What happens, in the general case, is that students “repeat” a course in a discipline they have already studied, in order to satisfy the CCSU Gen Ed requirement. I have seen transcripts of students who had a 300 level course in Philosophy, not the same or similar to any we happen to offer at CCSU, take a 100 level General Education course in Philosophy. This wastes the student’s time, and constitutes a surcharge we impose of them in terms of added tuition cost. It also wastes our limited resources and takes up a seat that another student needs for graduation.
The simplest solution is to have courses earned elsewhere, particularly elsewhere in public higher education in Connecticut, transferred based on the course designator, not the course number, where each “compartment” (or sector) of General Education has a specified number of program designators which satisfy it for purposes of transfer. For example, “social and behavior science” could be satisfied by Political Science, Economics, Anthropology, to name just three. A student with a course in Anthropology, even if that exact or equivalent course is not offered at CCSU, would nonetheless have the course count as satisfying that sector. There would be no need for the Registrar’s Office to scour our catalog looking for the exact or equivalent course, nor for the student to waste their time going around looking for signatures for equivalents.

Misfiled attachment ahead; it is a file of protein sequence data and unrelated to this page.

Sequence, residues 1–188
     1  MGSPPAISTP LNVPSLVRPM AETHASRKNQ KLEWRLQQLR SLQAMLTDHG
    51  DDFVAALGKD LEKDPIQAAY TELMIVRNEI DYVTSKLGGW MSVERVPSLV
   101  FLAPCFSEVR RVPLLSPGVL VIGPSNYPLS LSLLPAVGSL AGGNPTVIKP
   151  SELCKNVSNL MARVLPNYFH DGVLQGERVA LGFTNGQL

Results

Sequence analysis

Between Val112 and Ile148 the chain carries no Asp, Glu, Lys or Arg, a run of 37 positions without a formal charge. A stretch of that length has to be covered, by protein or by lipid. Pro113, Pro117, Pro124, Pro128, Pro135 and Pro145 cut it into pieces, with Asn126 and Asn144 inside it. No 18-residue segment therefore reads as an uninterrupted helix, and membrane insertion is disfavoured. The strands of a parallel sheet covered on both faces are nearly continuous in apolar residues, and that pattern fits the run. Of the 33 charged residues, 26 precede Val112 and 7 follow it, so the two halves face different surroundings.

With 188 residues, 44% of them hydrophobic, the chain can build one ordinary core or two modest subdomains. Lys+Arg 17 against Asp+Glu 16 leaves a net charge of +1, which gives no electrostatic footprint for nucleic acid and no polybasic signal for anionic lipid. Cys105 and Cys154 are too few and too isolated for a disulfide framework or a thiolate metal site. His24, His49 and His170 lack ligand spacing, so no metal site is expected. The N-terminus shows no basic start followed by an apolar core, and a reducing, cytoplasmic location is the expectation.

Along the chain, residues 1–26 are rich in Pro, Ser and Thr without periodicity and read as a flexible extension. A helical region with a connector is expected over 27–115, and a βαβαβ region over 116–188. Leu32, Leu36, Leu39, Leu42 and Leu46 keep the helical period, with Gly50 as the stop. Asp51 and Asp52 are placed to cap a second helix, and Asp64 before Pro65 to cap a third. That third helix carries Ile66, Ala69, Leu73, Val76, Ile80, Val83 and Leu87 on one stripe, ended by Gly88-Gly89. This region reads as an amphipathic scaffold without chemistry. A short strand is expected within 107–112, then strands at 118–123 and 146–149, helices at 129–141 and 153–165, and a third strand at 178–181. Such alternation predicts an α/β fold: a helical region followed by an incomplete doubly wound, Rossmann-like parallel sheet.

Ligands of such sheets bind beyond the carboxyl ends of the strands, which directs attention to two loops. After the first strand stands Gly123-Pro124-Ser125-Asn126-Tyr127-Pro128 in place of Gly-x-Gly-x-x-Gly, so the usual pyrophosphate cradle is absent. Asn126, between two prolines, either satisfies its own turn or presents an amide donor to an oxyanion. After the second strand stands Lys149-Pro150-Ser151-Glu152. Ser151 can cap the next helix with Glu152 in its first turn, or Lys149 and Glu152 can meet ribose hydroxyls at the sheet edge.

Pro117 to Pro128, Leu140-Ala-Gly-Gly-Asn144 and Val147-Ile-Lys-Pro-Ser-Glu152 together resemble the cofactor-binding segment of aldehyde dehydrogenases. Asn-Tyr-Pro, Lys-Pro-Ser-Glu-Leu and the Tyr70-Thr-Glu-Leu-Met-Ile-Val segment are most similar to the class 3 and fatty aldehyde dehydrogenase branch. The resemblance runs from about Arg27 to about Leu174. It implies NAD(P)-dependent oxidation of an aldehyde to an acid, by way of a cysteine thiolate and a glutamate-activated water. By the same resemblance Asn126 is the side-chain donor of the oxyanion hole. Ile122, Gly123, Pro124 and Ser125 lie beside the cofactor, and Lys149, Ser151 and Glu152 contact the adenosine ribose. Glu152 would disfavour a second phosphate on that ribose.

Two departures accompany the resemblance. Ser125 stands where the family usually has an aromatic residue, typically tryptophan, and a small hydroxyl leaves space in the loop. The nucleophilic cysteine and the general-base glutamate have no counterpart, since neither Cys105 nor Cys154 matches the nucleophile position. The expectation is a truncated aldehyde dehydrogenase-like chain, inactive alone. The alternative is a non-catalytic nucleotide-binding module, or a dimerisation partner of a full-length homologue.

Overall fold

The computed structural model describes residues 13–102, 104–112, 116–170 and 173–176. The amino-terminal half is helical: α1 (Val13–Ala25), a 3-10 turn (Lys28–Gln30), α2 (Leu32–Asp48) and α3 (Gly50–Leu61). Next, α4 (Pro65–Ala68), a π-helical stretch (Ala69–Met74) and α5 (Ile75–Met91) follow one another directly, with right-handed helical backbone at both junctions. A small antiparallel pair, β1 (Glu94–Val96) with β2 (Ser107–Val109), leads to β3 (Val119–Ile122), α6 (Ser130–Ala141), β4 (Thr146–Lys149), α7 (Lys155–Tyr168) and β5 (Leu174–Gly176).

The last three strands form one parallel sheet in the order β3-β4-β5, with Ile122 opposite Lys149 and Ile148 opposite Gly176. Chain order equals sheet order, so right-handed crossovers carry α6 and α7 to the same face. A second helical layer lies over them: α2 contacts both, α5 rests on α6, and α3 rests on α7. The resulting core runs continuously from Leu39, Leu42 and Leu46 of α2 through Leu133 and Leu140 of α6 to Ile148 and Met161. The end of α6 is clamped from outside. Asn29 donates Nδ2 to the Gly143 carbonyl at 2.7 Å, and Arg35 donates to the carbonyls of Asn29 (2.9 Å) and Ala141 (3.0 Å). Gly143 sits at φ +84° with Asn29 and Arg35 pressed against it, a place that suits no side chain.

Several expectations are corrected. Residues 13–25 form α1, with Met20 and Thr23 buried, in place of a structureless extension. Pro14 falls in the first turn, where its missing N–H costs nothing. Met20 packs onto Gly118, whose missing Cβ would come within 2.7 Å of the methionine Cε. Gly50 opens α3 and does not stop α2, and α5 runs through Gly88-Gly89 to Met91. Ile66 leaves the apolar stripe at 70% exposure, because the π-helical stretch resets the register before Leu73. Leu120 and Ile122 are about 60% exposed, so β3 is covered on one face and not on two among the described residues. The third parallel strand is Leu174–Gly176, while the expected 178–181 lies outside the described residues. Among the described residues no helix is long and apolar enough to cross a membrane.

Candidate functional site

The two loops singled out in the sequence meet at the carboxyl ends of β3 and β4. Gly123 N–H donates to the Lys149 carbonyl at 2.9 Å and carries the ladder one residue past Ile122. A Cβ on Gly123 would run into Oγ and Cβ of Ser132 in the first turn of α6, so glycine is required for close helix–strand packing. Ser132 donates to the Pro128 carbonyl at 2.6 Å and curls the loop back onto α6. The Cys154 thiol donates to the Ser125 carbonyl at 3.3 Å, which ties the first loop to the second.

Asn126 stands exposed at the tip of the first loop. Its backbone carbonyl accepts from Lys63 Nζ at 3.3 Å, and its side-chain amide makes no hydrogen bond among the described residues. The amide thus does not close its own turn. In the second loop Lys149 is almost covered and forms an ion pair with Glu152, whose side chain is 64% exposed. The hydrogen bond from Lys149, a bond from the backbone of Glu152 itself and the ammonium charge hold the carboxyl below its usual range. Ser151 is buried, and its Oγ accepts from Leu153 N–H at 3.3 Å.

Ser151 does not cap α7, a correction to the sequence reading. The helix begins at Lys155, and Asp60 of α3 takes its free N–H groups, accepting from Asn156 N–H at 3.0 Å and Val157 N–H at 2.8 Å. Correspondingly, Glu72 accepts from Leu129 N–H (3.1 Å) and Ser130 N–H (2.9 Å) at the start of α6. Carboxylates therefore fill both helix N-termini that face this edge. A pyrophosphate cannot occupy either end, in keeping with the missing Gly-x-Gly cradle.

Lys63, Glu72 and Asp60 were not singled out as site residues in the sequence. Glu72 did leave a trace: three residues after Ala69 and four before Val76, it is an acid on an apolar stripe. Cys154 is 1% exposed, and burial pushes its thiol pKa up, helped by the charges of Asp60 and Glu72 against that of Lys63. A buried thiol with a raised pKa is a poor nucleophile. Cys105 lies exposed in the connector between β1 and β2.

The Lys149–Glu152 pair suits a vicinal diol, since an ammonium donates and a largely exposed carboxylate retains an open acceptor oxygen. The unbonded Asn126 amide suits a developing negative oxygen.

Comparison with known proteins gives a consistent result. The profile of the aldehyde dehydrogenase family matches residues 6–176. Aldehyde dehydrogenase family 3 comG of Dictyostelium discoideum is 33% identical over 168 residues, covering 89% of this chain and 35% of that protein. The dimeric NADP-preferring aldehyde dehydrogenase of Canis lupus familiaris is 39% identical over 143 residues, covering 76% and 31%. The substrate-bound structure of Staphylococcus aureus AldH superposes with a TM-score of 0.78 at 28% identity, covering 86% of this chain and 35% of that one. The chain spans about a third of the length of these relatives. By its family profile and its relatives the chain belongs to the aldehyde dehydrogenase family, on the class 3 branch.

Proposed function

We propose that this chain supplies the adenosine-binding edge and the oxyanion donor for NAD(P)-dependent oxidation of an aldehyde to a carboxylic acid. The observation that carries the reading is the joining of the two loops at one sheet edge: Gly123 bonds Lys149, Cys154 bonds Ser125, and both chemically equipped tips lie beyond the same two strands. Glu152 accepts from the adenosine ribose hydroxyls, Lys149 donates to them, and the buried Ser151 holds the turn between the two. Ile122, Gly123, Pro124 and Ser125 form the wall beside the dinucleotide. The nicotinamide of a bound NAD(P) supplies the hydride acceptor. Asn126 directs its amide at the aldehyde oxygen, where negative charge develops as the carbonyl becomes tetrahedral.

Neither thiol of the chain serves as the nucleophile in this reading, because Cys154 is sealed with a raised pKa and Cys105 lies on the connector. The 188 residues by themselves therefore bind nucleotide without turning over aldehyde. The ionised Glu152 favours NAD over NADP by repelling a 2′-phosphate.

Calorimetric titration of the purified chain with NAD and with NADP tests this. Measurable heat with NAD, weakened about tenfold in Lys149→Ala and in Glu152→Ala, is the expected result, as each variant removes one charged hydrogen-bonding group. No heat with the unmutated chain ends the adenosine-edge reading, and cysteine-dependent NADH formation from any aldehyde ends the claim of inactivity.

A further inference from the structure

4/ Avoid Errors of the Past
The experience of the last 20 years inclines me to the following “don’ts”: